Have I Failed?

For the last two weeks I have been struggling with my 8th graders when it comes to writing. It all came to a head for me last week when I asked one of my 8th graders to give me the definition of a sentence and they couldn’t.  Then, after they understood what a sentence was, they couldn’t determine what was wrong with the thesis statement they had written.  The clause read “How there are similarities and differences.” They believed it was a sentence.  The sentence situation was only the beginning.

This past weekend I was going over outlines for a compare/contrast paper they are working on now. Needless to say, they were not meeting my expectations. Poor sentence quality, lack of transitions, and students not knowing how to follow simple guidelines on finishing an appropriate outline.  I instructed the students today that anyone lower than a 9 had to make corrections. I wanted this writing project to take 2 weeks tops.  I am on week 3 due to the poor quality of writing. Ultimately, I am frustrated about the fact my students are content on just turning in a paper or any other assignment and thinking it is just good enough.

Naturally, as I reflect, I start to put blame onto myself.  I had these students as 7th graders. Was I blind to the fact they are in need of some major intervention as writers? Did I let them slide too much last year on their writing assignments?  What has happened? I am starting to think I have failed them.  Other data suggests that I haven’t, but I still feel that way.

Now, because I am noticing more and more deficiencies, I am making some changes. I offer help Tuesday’s and Thursday’s during lunch time. In addition, I am making students redo, redo, redo before we move forward. However, I struggle with moving too slowly and deciding when I have to move forward. Furthermore, I can only get on their cases so much before they start tuning me out and I sound like the Charlie Brown Teacher…”Whant whant, whant!”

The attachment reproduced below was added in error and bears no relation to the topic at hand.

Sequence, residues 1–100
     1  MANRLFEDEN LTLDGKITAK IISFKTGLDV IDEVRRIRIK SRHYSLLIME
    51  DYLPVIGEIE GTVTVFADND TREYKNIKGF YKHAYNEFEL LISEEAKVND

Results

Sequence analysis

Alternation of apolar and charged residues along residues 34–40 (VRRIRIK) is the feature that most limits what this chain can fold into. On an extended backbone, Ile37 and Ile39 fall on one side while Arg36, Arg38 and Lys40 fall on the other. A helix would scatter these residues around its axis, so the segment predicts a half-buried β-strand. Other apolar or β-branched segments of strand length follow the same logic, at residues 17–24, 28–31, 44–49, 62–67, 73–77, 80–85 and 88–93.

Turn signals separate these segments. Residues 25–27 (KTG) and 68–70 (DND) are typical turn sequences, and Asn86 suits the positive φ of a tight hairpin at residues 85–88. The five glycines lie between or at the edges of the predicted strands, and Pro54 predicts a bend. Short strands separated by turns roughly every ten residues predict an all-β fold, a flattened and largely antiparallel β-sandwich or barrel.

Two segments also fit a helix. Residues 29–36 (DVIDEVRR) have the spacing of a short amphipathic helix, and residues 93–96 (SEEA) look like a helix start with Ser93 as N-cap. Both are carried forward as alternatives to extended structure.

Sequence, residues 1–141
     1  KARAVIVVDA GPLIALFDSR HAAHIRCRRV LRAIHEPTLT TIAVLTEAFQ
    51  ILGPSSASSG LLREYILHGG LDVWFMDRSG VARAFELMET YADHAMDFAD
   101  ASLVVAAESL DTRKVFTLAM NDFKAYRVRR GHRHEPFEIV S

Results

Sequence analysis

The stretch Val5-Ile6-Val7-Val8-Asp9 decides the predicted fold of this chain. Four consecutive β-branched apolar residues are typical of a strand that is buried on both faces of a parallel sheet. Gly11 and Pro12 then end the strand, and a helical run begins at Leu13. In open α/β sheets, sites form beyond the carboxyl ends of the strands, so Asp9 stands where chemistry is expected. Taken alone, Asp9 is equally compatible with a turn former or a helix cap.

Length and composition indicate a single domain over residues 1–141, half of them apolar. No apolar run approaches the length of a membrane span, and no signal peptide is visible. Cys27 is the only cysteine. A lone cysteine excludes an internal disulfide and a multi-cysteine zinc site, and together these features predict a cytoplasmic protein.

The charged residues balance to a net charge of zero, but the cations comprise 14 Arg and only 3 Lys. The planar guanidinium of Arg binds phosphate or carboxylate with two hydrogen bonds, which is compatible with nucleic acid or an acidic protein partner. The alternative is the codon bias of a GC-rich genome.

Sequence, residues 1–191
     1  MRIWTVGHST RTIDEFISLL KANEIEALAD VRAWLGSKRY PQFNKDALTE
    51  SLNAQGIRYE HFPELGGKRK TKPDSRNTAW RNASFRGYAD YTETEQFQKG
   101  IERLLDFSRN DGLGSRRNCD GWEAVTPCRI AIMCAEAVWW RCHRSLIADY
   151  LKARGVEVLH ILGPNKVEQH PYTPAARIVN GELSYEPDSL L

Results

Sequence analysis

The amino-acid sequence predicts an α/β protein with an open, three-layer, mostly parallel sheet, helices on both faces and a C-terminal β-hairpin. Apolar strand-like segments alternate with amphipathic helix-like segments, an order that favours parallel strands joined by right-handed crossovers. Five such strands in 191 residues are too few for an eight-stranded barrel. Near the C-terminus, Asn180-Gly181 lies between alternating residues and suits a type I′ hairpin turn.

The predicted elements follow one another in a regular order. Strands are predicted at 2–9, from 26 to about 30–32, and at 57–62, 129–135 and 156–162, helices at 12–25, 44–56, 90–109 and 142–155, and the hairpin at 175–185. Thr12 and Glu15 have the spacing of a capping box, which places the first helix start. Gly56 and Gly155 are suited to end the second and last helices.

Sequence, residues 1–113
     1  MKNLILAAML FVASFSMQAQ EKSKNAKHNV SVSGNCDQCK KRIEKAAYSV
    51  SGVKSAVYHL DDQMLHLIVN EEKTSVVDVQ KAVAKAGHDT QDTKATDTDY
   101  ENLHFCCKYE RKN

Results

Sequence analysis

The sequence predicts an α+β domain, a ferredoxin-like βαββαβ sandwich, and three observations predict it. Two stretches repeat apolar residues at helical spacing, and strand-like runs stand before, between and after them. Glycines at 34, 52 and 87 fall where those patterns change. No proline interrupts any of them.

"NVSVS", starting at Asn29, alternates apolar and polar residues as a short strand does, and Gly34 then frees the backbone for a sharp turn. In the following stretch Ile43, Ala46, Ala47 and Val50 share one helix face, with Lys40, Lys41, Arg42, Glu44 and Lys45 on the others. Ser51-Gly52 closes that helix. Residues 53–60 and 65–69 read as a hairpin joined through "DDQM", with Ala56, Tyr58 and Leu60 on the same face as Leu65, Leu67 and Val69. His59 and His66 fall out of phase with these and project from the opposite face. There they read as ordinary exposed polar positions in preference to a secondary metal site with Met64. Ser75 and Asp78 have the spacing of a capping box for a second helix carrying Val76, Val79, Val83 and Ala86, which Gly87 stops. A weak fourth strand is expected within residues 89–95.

I wonder too if our society in general is have an impact on them. Do students notice that mediocrity is okay? Look at our government! They are our biggest models of “it is okay to fail and still get paid for it”.

Anyways, I am not here for a political battle, I just want to know if other middle school or high school teachers encounter some of the same problems I have been enduring for the last 2 weeks.

Cheers!


Teaching Students to Reflect on Their Writing

Recently I came to the conclusion middle school students need instruction on how to effectively reflect on their writing. I just got done handing back my 7th graders book reviews. My classroom is essentially paperless and they had to complete the assignment using Google Docs. As I grade papers, whether it is 7th or 8th grade, I make notes on the areas my students struggle with throughout the particular writing assignment. Throughout this assignment, students struggled with basic spelling, sentence structure, and capitalization. In addition, students struggled with one major concept with the review, which was the compare/contrast section of the review.

Upon returning the student’s papers I asked the students to have me help them. I was frustrated with them not following directions. After all, I am well into the second semester and I needed them to realize their mistakes were nothing more then following simple directions. When I asked them what I can do to make them more successful…silence. Why couldn’t my students reflect on their own writing, or even their own work so I could help them grow?

After discussing with a colleague who had taught English before, we both came to the conclusion middle school students don’t know how to reflect on their work. My students have writing portfolios, both physical and digital. in addition, I have given them reflection prompts for their past assignments, but in all honesty I feel confident my students are more or less going through the motions rather then thinking critically about their own writing and how they can make it better. The Common Core State Standards say very little about reflection, but it is essential for creating a more rigorous classroom and for students to evaluate their own learning.

So, what can we do as middle school English teachers to help students reflect on their writing? To be honest, I don’t have any solid answers. One strategy I have adopted for my students is for them to look at a specific comment I have placed on their document. Then, they need to rewrite the comment and complete some tasks on a pre-made template I hand out to students. Below are the tasks.

1. What was your initial response to the comment by Mr. Hyler?

2. In your own words rewrite what it is that Mr.Hyler commented on.

3. Give an example of how you are going to make your writing better based on the comment by Mr. Hyler.

4. How are you going to apply what you learned from reflecting on your writing to future assignments? Be specific.

I am sure there are other ways for students to reflect on their writing. I am going to continue to research this important task that is vital for developing strong writers and strong students in general.

Cheers!